Earlier, Article 181 was applicable only in respect of application to be filed
under the Civil Procedure Code. This Article was replaced by Article 137 in the
Limitation Act, 1963 in a modified form. By insertion of Article 137, it cast a
wider net so as to include any application for which no period of limitation
was provided elsewhere in that division.
third division of the Limitation Act, 1963 deals with various applications to
be filed under various special statutes. The definitions of applicant and
application are also inserted in the Limitation Act, 1963.
it is clear that the intention of the legislature was to provide a residuary
article prescribing period of limitation for filing petitions and applications
under the various special laws. This Court in Kerala State Electricity Board
vs. T.P. Kunhaliumma AIR 1997 SC 282 held that Article 137 would apply to any
petition or application filed under any Act to a civil court and it cannot be
confined to applications contemplated by or under the Code of Civil Procedure. In
Major (Retd.) Inder Singh Rekhi vs. Delhi Development Authority 1998(2) SCC
338; Union of India and Another vs. M/s. L.K. Ahuja and Co. 1988(3) SCC 76;
Steel Authority of India Ltd. vs. J.C. Budharaja, Government and Mining
Contractor 1999(8) SCC 122; and Union of India and another vs. M/s. Vijay
Construction Co. AIR 1983 Delhi 193, this Court held that the period of
limitation for filing application under Section 20 of the Arbitration Act,
1940, is as prescribed under Article 137 of the Limitation Act.
Section 20 of the Act, the cause of action for filing an application may arise
whenever a difference has arisen to which the agreement applies. Regard must be
had to the relevant arbitration clause in the agreement. If any specific terms
are used in the arbitration clause, that would govern the parties as to when a
petition for reference of arbitration shall be filed in Court.
instant case, the arbitration clause states that all parties would resolve such
differences by mutual consultation failing which either party must give to the
other notice in writing of the existence of such question, dispute or
difference and the same shall be referred for the final determination. The
appellant issued notice to the respondent and a definite reply was received by
the appellant. It is clear that cause of action for filing had arisen, the
moment the appellant received the reply notice denying the claims made by the
appellant. Therefore, the Division Bench has rightly held that the application
was barred by time.
appellant herein has filed an application under Section 5 of the Limitation Act
praying that the delay in filing the application under Section 20 of the Act be
condoned. Section 5 of the Limitation Act says any appeal or any application,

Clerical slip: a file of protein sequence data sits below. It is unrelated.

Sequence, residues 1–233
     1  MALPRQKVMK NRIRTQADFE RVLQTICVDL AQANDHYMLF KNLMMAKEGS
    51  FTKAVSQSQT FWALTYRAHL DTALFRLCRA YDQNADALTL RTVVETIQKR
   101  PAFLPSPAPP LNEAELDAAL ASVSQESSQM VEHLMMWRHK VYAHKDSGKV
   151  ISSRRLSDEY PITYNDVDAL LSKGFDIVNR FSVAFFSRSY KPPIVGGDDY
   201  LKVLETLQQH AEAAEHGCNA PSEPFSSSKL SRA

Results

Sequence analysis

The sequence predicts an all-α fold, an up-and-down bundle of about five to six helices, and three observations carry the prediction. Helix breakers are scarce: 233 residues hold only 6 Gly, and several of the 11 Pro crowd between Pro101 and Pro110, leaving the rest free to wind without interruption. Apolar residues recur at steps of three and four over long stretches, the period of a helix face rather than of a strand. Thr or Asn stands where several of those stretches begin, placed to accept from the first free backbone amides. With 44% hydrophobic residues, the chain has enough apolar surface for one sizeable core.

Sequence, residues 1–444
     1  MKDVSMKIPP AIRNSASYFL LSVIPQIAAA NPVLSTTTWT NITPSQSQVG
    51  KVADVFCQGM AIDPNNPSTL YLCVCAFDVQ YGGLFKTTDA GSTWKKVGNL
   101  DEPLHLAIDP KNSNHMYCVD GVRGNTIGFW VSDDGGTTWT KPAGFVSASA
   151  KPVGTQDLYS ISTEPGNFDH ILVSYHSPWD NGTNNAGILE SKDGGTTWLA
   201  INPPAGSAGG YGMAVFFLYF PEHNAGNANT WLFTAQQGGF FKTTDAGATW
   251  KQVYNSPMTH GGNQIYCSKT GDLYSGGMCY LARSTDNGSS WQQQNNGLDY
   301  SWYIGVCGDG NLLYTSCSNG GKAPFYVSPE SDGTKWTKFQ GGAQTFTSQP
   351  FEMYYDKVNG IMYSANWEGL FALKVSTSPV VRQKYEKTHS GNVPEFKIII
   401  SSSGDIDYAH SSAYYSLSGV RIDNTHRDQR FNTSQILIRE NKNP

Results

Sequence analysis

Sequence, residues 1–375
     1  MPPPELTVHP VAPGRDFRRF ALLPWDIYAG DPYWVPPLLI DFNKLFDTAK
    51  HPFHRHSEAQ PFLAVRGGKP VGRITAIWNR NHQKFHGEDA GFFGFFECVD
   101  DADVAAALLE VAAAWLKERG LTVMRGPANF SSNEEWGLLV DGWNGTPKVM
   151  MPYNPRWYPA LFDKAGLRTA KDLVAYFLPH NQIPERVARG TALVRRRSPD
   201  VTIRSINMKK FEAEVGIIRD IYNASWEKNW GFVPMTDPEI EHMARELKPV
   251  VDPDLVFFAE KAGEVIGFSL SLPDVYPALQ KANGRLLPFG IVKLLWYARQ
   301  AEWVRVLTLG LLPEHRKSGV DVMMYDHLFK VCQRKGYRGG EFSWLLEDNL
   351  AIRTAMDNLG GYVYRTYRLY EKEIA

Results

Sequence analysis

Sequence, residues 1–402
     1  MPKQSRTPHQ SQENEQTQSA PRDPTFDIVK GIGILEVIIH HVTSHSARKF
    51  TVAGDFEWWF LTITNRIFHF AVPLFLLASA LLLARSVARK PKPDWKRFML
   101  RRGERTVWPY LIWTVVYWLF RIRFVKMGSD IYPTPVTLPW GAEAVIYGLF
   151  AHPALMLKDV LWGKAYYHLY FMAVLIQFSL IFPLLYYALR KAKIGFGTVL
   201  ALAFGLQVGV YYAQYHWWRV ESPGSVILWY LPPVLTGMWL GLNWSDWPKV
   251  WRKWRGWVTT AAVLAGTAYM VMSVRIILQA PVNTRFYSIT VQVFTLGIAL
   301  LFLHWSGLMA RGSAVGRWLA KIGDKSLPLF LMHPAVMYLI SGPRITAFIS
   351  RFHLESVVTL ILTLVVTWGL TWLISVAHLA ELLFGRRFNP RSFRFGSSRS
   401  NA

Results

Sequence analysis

other than application under any of the provisions of Order XXI of the Code of
Civil Procedure, 1908, may be admitted after the prescribed period, if the
appellant or the applicant satisfies the court that he had sufficient cause for
not preferring the appeal or making the application within such period. The
applicant can show sufficient cause for not filing the application in time. It
appears that this Court had no occasion to consider whether Section 5 of the
Limitation Act, 1963 could be applied in the case of an application to be filed
under Section 20 of the Arbitration Act, 1940. The Division Bench of the High
Court of Delhi in Union of India and another vs. M/s. Vijay Construction Co.
AIR 1981 Delhi 193 held that the benefit of Section 5 of the Limitation can be
availed by the applicant for an application under Section 20 of the Arbitration
Act. Going by the provision contained in Section 5 of the Act, we are also of
the view that in an appropriate case the court can extend the benefit of the
counsel for the appellant contended that a prayer was made before the High
Court for condoning the delay, if any, but the same was rejected. As per the
Arbitration clause, the disputes between the parties could be referred to a
single arbitrator if agreed to by both the parties but in case of disagreement
both the parties can appoint one arbitrator each and in case of disagreement
between the said two arbitrators there is a provision that an umpire also could
be appointed by the two arbitrators. In the instant case, the learned Single
Judge straightaway appointed the arbitrator.
there was a cause of action for the appellant to initiate proceedings under the
Arbitration Act for appointment of an arbitrator, the appellant failed to do
so. The letter written by the respondent on 6.4.1993 indicates that the
respondent had some proposal for consideration.
regard to the nature of disputes between the parties, we are of the view that
the delay caused in filing the application by the appellant was not willful and
hence is liable to be condoned. However, in the facts and circumstances of the
case we are also of the view that the delay shall be liable to be condoned only
upon payment of costs. Accordingly, the delay in filing the application under
Section 20 of the Arbitration Act is condoned on condition that the appellant
pays a sum of Rs.20,000/- to the respondent within a period of one month. The
said sum of Rs.20,000/- shall be deposited with the Registrar General of this
Court on or before 1st December, 2001 and on such deposit the respondent would
be at liberty to withdraw the same. For payment of cost as stated above, the
appeal would stand allowed and the matter would be remitted to the High Court
to be proceeded with in accordance with the provisions of the Arbitration Act,
1940, read with relevant arbitration clause in the agreement between the
parties. In case the appellant fails to deposit the said amount of Rs.20,000/-
within the stipulated period, the appeal would be deemed to have been dismissed
without further reference to the Court.
Nos. 1 to 4 would stand allowed.
appeal is disposed of in the aforesaid terms.
D.P. Mohapatra ] J [ K.G. Balakrishnan ] October 30, 2001.